Special update: The Extraordinary California Drought of 2013-2014: Character, Context, and the Role of Climate Change

 

Why has the North Pacific/West Coast ridge been so “ridiculously resilient”?

Most persistent atmospheric anomalies are ultimately linked to unusual patterns of ocean surface temperature. Indeed, most of the well-known modes of variability in the Pacific region (such as the El Niño/Southern Oscillation [ENSO] or the Pacific Decadal Oscillation [PDO]) are direct result of changes in sea surface temperature (SST) patterns over time scales ranging from years to decades. SST anomalies can drive persistent atmospheric anomalies because the ocean has a great deal more “thermal memory” than the atmosphere. Since ocean temperatures are therefore much less variable on “weather” time scales (i.e. days to months) than the atmosphere itself, SST anomalies can exert a substantial, steady influence upon the rather “noisy” (highly variable) overlying atmosphere–shifting storm tracks, enhancing or reducing the amplitude of atmospheric wave patterns, and sometimes causing significant meteorological extremes (including heat waves, cold snaps, floods, and droughts). While the immediate impact of unusually warm or cool SSTs is usually felt by the atmosphere in the the immediate vicinity, geographically-remote atmospheric effects (known as “teleconnections“) can occur thousands of miles away.

Animation highlighting the persistence of the Triple R during late 2013 and early 2014. (Daniel Swain)
Animation highlighting the persistence of the Triple R during late 2013 and early 2014. (Daniel Swain)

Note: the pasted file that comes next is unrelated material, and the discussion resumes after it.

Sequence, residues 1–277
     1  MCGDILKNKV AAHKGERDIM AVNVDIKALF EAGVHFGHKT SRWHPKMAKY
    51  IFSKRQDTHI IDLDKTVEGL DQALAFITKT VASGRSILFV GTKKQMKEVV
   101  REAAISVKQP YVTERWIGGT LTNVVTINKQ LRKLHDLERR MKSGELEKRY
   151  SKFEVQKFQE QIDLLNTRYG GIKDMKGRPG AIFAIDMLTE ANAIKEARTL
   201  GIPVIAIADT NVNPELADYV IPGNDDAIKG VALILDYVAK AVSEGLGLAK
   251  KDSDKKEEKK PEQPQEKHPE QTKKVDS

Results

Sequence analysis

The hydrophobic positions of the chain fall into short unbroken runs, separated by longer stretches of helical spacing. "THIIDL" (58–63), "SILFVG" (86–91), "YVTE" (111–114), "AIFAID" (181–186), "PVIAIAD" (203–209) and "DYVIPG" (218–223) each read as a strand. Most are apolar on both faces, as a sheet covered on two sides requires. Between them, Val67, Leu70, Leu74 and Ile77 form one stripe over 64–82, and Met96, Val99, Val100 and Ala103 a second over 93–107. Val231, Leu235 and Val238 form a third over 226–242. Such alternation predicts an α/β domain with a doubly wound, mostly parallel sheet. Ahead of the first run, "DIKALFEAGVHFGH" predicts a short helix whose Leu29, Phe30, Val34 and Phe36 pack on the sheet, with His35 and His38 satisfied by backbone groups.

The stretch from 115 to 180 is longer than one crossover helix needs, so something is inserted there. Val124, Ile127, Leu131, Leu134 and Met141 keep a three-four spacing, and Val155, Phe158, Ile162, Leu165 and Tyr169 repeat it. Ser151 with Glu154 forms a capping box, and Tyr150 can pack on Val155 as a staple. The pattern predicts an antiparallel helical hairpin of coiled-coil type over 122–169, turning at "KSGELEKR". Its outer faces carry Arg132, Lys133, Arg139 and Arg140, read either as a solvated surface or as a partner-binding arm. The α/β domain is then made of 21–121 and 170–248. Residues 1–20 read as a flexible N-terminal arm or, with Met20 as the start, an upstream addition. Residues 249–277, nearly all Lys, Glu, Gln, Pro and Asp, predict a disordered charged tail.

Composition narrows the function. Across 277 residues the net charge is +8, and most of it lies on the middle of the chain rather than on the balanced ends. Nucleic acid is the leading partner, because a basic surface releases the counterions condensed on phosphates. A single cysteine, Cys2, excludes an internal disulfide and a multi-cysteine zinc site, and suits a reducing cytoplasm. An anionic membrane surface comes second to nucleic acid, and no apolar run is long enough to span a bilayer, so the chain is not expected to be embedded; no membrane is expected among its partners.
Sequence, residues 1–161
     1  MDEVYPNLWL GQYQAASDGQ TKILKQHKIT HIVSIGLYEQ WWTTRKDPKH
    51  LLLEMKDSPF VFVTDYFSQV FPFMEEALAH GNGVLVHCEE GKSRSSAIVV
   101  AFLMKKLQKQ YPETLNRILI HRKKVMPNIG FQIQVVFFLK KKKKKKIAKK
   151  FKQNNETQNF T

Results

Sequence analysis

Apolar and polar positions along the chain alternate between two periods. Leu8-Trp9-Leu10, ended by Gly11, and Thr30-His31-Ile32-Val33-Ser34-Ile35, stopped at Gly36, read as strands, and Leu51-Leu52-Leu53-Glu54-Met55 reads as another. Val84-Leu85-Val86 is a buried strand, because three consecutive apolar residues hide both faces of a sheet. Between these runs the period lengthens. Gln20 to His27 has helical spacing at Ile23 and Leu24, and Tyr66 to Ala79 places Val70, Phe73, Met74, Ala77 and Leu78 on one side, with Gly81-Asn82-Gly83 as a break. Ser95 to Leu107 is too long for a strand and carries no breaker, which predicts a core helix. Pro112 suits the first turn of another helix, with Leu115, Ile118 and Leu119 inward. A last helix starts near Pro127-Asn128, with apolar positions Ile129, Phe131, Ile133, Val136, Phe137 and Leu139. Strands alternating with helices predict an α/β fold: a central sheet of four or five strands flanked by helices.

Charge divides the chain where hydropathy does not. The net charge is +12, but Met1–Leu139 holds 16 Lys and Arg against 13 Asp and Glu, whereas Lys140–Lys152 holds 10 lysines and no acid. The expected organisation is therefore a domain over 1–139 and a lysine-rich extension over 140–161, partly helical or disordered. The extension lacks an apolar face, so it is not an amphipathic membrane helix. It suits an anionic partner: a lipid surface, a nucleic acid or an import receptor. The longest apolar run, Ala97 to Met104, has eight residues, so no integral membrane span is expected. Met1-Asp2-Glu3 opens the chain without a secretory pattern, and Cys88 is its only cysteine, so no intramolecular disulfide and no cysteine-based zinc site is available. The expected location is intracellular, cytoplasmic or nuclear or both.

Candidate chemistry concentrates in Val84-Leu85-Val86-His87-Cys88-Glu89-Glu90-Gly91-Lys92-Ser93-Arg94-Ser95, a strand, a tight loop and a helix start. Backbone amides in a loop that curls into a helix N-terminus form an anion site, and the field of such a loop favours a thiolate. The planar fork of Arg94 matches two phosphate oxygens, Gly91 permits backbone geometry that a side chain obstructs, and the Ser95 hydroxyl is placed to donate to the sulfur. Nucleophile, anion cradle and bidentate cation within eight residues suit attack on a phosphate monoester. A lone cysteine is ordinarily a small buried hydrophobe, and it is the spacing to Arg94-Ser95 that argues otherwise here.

Several recent studies have examined precisely this possibility in assessing cause of the extraordinary persistence of the Ridiculously Resilient Ridge in 2013 and 2014. Wang et al. (2014) find that tropical West Pacific SST warm anomalies (associated with the West Pacific Warm Pool that acts as a precursor of El Niño) played a leading role in causing the strength and longevity of the Triple R by generating a recurring series of atmospheric “Rossby waves” that propagated from west to east across the Pacific Basin. Wang and Schubert (2014) find that the North Pacific SST warm anomalies during early 2013 created a “predilection” for dry conditions during the second half of the 2013-2013 “rainy season” in California, and Funk et al. (2014) also report that the observed Pacific SST anomalies during 2013-2014 contributed to the extremely low precipitation that was observed during 2013-2014.

The white region in this map plot depicts the regions where calendar year 2013 was the driest since at least 1895. (Swain et al. 2014)
The white region in this map plot depicts the regions where calendar year 2013 was the driest since at least 1895. (Swain et al. 2014)

However, Funk et al. also note that it’s possible the record-breaking warmth in the North Pacific (discussed further below) was actually a geographically remote response to the changes elsewhere in the Pacific–similar to the mechanism considered by Wang et al. It’s even possible that that the Triple R played a role in sustaining itself by reducing North Pacific storm activity and preventing vertical mixing of cooler sub-surface ocean water,  culminating in a self-reinforcing feedback loop by which atmospheric ridging led to warm SSTs , which in turn led to more ridging, and so on. Regardless of whether the record-breaking warmth in the North Pacific was the primary cause of the Triple R or merely a secondary one, it’s pretty clear that Pacific SST anomalies contributed to the persistent northeastern Pacific ridging and extremely low California precipitation observed in 2013-2014.